American photographic artist Roger Ballen has spent most of his adult life living in Johannesburg documenting what he calls his “interior”. The startling image-making intercourse with the darker layers of Africa that this entails delivers more than a Roger Ballen Interior; it is the kind of art that hits so hard that it demands a confrontation with the viewer’s interior, too. Having worked for many years as a geologist, Ballen’s work asserts the need to descend to the disturbing dimensions of human experience in order to mine the baffling anatomies of instinct that animate us all. On the cusp of the release of Asylum of the Birds his twelfth book, Ballen talks to Aesthetica about how his artistic evolution is currently in the mood for a party.
A: Your journey with this book began at an asylum in Johannesburg.
RB: Yes. In 2003 I found this place. It’s a spread out house full of itinerant people and animals. There are pigs, cows, rabbits, big and small birds, roosters and chickens pecking at everything, pigeons flying around people’s heads and landing on people when they’re sleeping, ducks laying eggs under the sink and jumping into people’s baths. It’s a place of madness and refuge for all these creatures, animals and human. It’s a disturbing, comic place, where humans seem to become animals and animals seem to become human. Most visitors would not last an hour there but I spent five and a half years working in this place with its inhabitants.
A: What attracted you to them?
RB: Their temporary home is a vortex of life. It’s so alive and surreal and like my pictures it is conscious and unconscious, real and fiction – the distinctions all get blurry.
A: The body of work you’ve created in this vortex of life gives us the most complete vision so far of the Roger Ballen World. It seems that you were in the mood for a party.
RB: My work keeps evolving, and yes, I would say that this period I’m in now is the most complex and sophisticated part of the project so far. What was simpler before; singular drawings, more empty space, has been filled out with a lot more drawings, more characters, more animals. I’m still an enigma to Roger Ballen and Roger Ballen is still an enigma to me, we are still searching to find Pure Roger. But in this continual evolution, we have met with a lot more information. The work in this book was made as an interactive process with the inhabitants of the asylum. I would go there everyday and use what was available. There might have been a painting on the wall or drawings on the wall. There might have been clothes or strange objects lying around. I would make a composition out of these things, as well as add things that I had brought myself, make my own drawings, add a person or an animal. A bird would fly into frame and we would catch it and try to make it sit still. It was spontaneous but also scientific in the way I always work, where street photography and conceptual art come together.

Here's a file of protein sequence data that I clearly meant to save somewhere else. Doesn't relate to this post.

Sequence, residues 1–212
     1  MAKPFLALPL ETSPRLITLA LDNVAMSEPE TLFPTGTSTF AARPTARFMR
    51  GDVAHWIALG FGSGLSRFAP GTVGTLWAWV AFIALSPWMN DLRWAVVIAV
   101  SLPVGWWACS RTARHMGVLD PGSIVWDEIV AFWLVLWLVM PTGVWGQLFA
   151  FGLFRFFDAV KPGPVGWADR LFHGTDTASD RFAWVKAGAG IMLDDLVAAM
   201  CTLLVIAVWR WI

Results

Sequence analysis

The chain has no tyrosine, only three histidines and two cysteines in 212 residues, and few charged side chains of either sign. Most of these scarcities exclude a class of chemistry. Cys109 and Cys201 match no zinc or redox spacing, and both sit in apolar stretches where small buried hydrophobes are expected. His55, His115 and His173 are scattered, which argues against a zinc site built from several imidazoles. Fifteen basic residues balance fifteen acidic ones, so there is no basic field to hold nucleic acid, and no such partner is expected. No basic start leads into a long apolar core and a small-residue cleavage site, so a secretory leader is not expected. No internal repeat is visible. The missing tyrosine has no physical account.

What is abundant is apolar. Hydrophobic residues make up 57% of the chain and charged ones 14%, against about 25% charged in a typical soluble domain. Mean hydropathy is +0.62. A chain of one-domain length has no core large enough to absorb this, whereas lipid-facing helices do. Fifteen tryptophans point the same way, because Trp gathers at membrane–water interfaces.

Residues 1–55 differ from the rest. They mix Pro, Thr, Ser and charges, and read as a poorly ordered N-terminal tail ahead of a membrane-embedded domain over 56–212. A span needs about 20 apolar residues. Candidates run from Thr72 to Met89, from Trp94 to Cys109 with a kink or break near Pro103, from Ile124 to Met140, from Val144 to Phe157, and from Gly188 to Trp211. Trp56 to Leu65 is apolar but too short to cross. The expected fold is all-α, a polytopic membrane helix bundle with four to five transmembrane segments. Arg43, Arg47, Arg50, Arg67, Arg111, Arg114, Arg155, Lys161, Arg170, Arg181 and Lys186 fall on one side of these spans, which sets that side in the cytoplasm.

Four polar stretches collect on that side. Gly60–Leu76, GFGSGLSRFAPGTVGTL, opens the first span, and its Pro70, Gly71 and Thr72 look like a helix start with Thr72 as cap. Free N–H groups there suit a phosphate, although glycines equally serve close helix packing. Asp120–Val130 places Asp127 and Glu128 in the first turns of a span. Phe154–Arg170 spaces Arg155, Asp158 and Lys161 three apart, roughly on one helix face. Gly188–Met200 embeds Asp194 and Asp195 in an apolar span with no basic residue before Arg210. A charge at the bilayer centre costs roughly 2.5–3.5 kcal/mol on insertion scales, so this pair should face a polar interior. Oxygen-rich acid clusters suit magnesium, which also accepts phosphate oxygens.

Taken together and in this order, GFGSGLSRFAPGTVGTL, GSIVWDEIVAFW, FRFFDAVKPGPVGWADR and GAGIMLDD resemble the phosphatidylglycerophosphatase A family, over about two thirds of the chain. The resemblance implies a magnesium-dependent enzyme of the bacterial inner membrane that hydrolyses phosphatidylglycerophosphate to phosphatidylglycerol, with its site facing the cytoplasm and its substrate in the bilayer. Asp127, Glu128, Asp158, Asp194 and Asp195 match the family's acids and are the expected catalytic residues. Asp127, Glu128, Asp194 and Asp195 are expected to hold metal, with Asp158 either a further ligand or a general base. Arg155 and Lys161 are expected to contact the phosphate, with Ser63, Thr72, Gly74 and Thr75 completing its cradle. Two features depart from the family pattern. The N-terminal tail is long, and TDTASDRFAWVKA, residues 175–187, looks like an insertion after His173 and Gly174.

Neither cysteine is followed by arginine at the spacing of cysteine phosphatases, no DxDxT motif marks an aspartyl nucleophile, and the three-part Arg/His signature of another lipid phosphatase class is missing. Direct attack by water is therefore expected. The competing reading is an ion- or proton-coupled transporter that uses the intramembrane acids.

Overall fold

A: You’ve brought it to something that feels like a bacchanalian underworld, a place where the ghosts of everyone, the souls of the dead and the unborn, intermingle in the life cycle.
RB: That’s true. Can I use Ghosts of Everyone, and Where Souls of Dead and Unborn Intermingle, as titles for my next photographs? As a geologist, I travel downwards in the mineshafts towards the core of the earth and in my art, I travel downwards towards my interior, which if I’m lucky, gives way to where the common human experience can be touched. At the asylum, chaos and design, sophistication and primitivism, tragedy and comedy, are all there, living side by side continuously. Sometimes I would feel as if it was a place where the roof had been blown off and everything had been rained on and eaten up and reborn in an organic process. It all reduced to soil. Life and death come together in the soil.
A: How did you capture the mystery of all that in these pictures?
RB: I take hundreds of pictures and I don’t know if I’ve got “the one” until I develop the film, print the images, and study them. I know when a photo is alive when it punches me in the stomach and it stays in my stomach. There is just no doubt, it runs me right over, like being in the ring with Mike Tyson and getting knocked flat on my back. Something comes together, some mysterious thing, and for some reason life is in it. It’s something you can’t explain. You set the scene, you work scientifically at the composition, you have your intention, and somewhere along the line you hit it. This thing that burns and pulsates, is enigmatic and invisible, but is unmistakably The Lifeforce. I’ve seen it being recognised in the eyes of others too. Like the x-ray clerks at the airport. I travel with my photographs in a led-lined briefcase and get stopped all the time at airport security. The clerks ask me to open the case and every time I do, they get so excited. They don’t know what they’re looking at but they call their colleagues over, and a crowd forms. I see them looking at the work with those eyes, and I know it has hit them in that place – a place that art-going crowds might not be as familiar with but that the African culture is so open to. It’s something to do with instinct and the wisdom that is wrought from hard life experience and a comfort with absurdity.
A: The birds in the book add a special dimension to this absurdity.
RB: Yes, the key to this work is the presence of the birds. They are an archetype for the link to heaven. They are mysterious and majestic, and at their best they gives us love and hope.
1. Film courtesy of Roger Ballen, Ben Crossman and YouTube.